At the technologically challenged age that Galileo Galilei was living, he made several incredible discoveries in different fields of science that contributed to what is known about the world today. There are a few such inventions that gave a serious push towards further investigation and on which today major innovations are based. The most important was initiated when Galilei heard about a Dutch optician and lens maker who made a simple telescope. Galileo went further and started constructing his own, similar but far more powerful devices with each next attempt. He mastered all the secrets of the instrument and struggled with further experimentation until he came up with an improvement of the instrument. With the art of lens grinding that he had also learned, he was able to produce a more powerful microscope than any made before him. Upon his presentation of the improved microscope to the senate, they were impressed by his work and for that reason, they doubled up his salary and offered him a life tenure.
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According to NutshellEdu, he performed further improvement on the telescope until it was able to give a magnification of up to 20 times and allowed to see the moon and other celestial bodies far better. That was the first time the scientist realized that the moon had the rocky surface that is today being recorded in the books. This was achieved using the Galileo telescope. He used his invention to discover more about the stars and planets, and in 1610 he discovered that there were moons revolving around the planet Jupiter. Armed with his instrument, he would investigate on and on until he realized that the number of stars in the sky was significantly larger than the quantity people could see with their naked eyes. He is the one who discovered that Venus, like the Moon, also has phases and that Saturn is a little different from all the other planets. These discoveries were impressive and guaranteed him an appointment as a philosopher and mathematician of the Tuscany grand duke (NutshellEdu).
After the first discovery and study of the celestial bodies, he directed his efforts to try and understand what specifically made objects float in water. According to Aristotle’s argument, objects float in water as a result of the flatness of their shape, an idea that Galileo rejected. He placed his arguments on the object’s weight about the amount of water that the object in water displaces. In his book titled Discourse on Bodies in Water published in 1612, the idea was mentioned. He then went ahead to study the sun and in the same way, he negated the Aristotelian idea that the sun was perfect (Galilei and Scheiner 25). He came up with the sunspot theory in which he further indicated that the Copernican theory did not contract the biblical passages, but it, however, came up with a perspective that appeared more accurate and offered a more scientific point of view to the things. Because of the defense he made towards the Copernican theory, he was banned from the church and anything related to religion. When Pope Urban VIII rose to power in the church, Galileo was allowed to continue doing his work. This was so since the pope was Galileos friend and had always admired him. Galilei then continued with his work as an astronomer.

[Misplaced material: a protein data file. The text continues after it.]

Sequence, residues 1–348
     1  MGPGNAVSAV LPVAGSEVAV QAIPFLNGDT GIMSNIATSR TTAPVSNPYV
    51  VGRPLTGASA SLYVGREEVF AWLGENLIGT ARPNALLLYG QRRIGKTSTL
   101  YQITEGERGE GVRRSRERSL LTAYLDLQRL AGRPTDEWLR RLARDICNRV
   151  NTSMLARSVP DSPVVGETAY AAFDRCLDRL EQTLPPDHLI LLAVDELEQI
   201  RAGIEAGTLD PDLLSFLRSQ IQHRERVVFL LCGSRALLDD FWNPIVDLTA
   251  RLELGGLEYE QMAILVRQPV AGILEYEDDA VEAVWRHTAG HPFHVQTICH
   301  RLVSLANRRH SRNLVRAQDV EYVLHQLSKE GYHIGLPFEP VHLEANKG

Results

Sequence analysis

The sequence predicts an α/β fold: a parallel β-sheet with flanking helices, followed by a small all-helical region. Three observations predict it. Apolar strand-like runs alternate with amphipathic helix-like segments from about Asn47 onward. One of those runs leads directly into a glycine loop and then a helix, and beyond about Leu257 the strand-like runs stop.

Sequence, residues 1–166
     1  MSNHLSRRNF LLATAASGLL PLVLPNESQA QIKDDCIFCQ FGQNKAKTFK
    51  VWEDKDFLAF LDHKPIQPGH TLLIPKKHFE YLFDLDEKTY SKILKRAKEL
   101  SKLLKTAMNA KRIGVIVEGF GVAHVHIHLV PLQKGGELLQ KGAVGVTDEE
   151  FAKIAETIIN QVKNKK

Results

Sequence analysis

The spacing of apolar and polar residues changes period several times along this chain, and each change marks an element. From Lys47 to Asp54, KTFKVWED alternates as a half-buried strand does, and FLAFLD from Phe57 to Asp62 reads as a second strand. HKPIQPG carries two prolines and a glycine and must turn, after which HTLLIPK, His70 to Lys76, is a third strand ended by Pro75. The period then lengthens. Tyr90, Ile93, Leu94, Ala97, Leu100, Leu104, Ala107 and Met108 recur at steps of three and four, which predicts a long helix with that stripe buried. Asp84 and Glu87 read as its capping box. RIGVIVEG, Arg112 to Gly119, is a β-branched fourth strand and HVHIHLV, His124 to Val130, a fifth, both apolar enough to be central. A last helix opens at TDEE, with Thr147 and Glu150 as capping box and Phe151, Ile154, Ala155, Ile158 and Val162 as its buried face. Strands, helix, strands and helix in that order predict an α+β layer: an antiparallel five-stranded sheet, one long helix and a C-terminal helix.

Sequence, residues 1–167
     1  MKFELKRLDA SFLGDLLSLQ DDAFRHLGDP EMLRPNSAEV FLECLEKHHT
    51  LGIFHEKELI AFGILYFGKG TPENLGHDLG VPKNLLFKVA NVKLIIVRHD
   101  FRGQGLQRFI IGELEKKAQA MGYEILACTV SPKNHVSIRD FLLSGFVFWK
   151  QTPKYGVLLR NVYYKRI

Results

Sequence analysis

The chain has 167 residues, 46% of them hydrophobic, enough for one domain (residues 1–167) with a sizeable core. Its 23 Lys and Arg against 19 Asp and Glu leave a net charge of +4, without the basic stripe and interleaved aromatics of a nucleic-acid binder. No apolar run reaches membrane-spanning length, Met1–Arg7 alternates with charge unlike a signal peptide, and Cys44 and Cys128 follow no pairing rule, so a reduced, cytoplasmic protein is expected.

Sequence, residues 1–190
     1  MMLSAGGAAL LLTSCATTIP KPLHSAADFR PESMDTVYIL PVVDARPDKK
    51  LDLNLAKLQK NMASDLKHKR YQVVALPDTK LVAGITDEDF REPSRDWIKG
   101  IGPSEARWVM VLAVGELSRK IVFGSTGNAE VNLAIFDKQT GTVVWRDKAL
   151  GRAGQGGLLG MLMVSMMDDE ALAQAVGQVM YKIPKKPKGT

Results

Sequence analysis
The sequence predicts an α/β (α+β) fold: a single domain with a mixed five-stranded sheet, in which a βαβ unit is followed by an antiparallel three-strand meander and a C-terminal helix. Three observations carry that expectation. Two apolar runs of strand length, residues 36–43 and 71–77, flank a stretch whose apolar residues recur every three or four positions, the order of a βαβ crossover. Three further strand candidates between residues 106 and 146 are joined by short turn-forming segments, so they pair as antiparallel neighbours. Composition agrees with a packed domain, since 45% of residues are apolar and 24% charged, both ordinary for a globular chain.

In almost all his discoveries Galileo deviated from Aristotle’s towards the Copernican perspective of things. In 1632, he wrote a book which he named Dialogue Concerning the Two Chief World Systems. The book was composed of the opinions of three different people. The first person was supporting the Copernican theory of the heliocentric universe. The next person was arguing against it, and the final individual remained objective and was unbiased in all his perspectives. According to Drake (20), the book was impartial and neutral. This work, however, created a negative reaction from the church making Galileo summon to Rome to appear before the leaders of the church. Despite expectations, he was treated with respect and was not sentenced to prison. In his final attempt in the post-acquisition, Galileo admitted having been in support of the Copernican perspectives for which he was prosecuted by the hearsay and sentenced to a house arrest. During his last days, he completed his final book in which he summarized all the discoveries he had made in science, involving the studies on motion and strength of materials. He gave this book the name Two New Sciences. The great scientist died on the 8th of January 1642 at Arcetri presumably from fever and heart palpitations.
Galileo can be remembered as a person who was self-motivated and directed towards a vision. Looking at some of the discoveries he made during his life, he for sure can be termed the father of modern science. He based the validation of his theories on experimentation and results. He was one individual with a great interest in either confirming a theory or disapproving it if it had an argument that did not hold water. That is the main reason for his continual rejection of Aristotle’s theories and backing up the Copernican ones. His works will always be remembered and revised as he ensured he preserved them in writing. Even today, people making the current inventions in modern science rely on some of the principles he built.